I had an interesting conversation with a coworker earlier. She teaches an honors geometry class, and they are engaged in a really cool project right now, rather than traditional class time. She also wants them to learn about volume – which is what they would be doing in class – and so she is assigning them reading and homework on volume. It is pretty straightforward material in some ways, so she is actually going to give them a take-home assessment on the volume material without ever covering it in class.
She was concerned about fairness. Some students who would do well if she did straightforward “lecture->3 examples->homework” classes on this material will likely do worse. As she phrased it “I’m grading their innate abilities since I’m never teaching it. Is that fair?”
What does it mean, fair? If she gives this take-home assessment, it will measure something different from other tests. Most tests in a traditional environment measure ability to memorize, ability to process lecture and notes, ability to apply class-discussed examples to new (but usually similar) situations. Good ones test some ability to apply techniques in a larger context, or with a new wrinkle. These are fine and good things to measure. But ability to read and learn information from a text without explicit guidance is also a reasonable thing to measure. It isn’t the same, but that doesn’t make it less fair. I told her she should do it if she wants to.
And this made me think: what do we want to measure in a student? If grades are part of the process – and there’s certainly no way we will be removing them systemically any time soon – what would we ideally like those grades to reflect, and how are we doing at making that so?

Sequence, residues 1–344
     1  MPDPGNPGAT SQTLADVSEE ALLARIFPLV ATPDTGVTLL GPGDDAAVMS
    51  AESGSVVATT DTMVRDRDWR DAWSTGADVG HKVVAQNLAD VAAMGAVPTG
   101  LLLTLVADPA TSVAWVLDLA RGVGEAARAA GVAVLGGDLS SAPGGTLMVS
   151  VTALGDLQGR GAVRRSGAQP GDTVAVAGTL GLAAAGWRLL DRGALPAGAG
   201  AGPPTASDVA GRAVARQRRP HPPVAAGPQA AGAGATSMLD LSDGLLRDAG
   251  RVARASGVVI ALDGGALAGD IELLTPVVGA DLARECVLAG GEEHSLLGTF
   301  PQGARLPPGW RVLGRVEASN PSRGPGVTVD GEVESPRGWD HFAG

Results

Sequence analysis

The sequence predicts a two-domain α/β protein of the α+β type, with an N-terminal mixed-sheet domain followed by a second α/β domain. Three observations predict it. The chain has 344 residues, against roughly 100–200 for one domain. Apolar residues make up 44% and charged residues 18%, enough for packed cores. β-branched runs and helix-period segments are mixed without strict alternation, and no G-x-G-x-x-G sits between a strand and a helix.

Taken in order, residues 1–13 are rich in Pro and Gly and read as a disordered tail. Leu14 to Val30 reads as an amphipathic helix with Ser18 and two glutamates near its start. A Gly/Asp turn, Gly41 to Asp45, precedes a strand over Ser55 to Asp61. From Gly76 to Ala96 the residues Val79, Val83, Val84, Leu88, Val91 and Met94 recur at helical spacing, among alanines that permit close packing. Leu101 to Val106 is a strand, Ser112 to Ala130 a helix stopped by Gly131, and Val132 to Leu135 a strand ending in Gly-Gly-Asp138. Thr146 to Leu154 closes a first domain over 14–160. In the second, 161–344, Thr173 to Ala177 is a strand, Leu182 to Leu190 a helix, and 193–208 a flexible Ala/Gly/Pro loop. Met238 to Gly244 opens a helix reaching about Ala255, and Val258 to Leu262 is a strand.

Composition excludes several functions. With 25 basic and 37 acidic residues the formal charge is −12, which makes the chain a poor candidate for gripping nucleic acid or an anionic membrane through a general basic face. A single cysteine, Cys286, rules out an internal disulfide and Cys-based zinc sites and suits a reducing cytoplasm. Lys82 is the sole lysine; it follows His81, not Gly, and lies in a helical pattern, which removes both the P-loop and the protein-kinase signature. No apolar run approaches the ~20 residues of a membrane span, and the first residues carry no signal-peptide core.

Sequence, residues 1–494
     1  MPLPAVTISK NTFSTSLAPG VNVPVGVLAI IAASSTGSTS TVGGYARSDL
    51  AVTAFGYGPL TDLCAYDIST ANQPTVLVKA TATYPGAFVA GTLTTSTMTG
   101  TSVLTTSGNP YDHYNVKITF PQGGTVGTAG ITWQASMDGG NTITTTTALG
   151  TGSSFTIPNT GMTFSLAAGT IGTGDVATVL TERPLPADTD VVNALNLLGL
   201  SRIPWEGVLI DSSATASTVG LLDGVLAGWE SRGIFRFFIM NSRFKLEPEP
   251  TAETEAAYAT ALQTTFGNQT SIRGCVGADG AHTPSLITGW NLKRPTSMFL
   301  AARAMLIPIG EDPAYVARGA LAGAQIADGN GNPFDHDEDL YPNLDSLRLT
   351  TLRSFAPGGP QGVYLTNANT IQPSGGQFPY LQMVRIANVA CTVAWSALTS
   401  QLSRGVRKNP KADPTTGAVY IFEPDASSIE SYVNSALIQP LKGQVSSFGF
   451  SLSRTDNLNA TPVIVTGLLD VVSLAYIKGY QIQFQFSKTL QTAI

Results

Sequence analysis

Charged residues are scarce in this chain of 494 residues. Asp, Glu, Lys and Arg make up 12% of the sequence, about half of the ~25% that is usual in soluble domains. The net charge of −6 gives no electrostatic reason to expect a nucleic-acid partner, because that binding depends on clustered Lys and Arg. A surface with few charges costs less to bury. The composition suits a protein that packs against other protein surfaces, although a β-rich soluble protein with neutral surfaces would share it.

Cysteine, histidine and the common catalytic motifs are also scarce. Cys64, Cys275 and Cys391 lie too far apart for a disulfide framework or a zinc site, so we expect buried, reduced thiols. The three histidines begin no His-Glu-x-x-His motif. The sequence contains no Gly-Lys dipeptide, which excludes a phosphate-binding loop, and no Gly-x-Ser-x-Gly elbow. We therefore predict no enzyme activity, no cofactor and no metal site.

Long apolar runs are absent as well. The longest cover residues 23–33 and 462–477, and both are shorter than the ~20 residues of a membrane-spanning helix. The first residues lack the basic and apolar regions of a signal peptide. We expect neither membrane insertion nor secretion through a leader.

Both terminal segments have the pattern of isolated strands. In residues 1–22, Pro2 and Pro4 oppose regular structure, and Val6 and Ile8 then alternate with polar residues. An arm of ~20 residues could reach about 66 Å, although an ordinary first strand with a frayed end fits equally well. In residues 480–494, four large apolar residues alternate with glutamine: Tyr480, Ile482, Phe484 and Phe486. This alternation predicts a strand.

There are many things I like about traditional tests, which I admit to using almost exclusively (along with homework completion and occasional classwork problems and exercises) at the moment. I think they are a good way to assess fluency in vocabulary and basic procedures, and a good traditional test will include problem-solving questions that call for “putting it all together.” But mathematical modeling is usually tested in a limited way or not at all. Same for explanations and derivations, which I emphasize heavily in class discussion then barely use at all on assessments. I think I often struggle putting in questions that can be viewed as “subjective,” as if my tests need to be unimpeachably numeric, a “numbers don’t lie” attitude that is specious but hard to shake. I also think I struggle with the idea of making a test too “hard,” both so as not to crush their spirits (because they don’t like feeling confused and it’s easier to cave to that than teach them to be fine with it) and because I feel weirdly tied to the arbitrary 70=D, 80=B, 90=A system we have created for ourselves. But by keeping things simple, I am overemphasizing the skills of the good memorizers and example-appliers and underemphasizing the skills of the problem-solvers and explorers, who would be able to demonstrate their brilliant attempts given more space to try. All with the goal of making it so that ones that freeze and give up under pressure can still squeeze out an arbitrarily-defined 70%.
It is also a hard truth that straightforward tests are easy to make, grade, and find time for, while problem solving and modeling can be hard and time consuming. And students expect tests. They expect a life of mostly-coasting with occasional nights of insane study. So it is simply the path of least resistance to take that path; no complaints, except in my own mind. And I definitely overemphasize a life of no conflict.
I don’t know the solution. I do not have the time or energy to do the sort of constant assessing of thinking that I think I would do in my ideal world. With two young children at home, there is not the window to look through exit slips every day and leave detailed feedback. It isn’t maintainable. And I haven’t yet found a way to keep my workload bearable and also do an honest assessment of the skills I actually find most important. And so, when I realize that I don’t have “enough grades” I write another test with a sigh and continue in the status quo.